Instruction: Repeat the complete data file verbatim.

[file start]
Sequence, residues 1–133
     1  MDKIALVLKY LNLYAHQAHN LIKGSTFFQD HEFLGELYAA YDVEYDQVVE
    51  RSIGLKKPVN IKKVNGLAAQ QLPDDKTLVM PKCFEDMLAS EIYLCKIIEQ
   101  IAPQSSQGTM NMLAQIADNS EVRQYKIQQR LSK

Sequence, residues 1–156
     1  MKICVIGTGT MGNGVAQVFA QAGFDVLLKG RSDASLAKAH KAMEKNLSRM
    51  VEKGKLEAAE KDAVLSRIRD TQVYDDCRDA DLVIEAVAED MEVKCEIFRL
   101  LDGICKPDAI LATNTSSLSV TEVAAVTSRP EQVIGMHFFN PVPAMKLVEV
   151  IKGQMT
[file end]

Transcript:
Sequence, residues 1–133
     1  MDKIALVLKY LNLYAHQAHN LIKGSTFFQD HEFLGELYAA YDVEYDQVVE
    51  RSIGLKKPVN IKKVNGLAAQ QLPDDKTLVM PKCFEDMLAS EIYLCKIIEQ
   101  IAPQSSQGTM NMLAQIADNS EVRQYKIQQR LSK

Sequence, residues 1–156
     1  MKICVIGTGT MGNGVAQVFA QAGFDVLLKG RSDASLAKAH KAMEKNLSRM
    51  VEKGKLEAAE KDAVLSRIRD TQVYDDCRDA DLVIEAVAED MEVKCEIFRL
   101  LDGICKPDAI LATNTSSLSV TEVAAVTSRP EQVIGMHFFN PVPAMKLVEV
   151  IKGQMT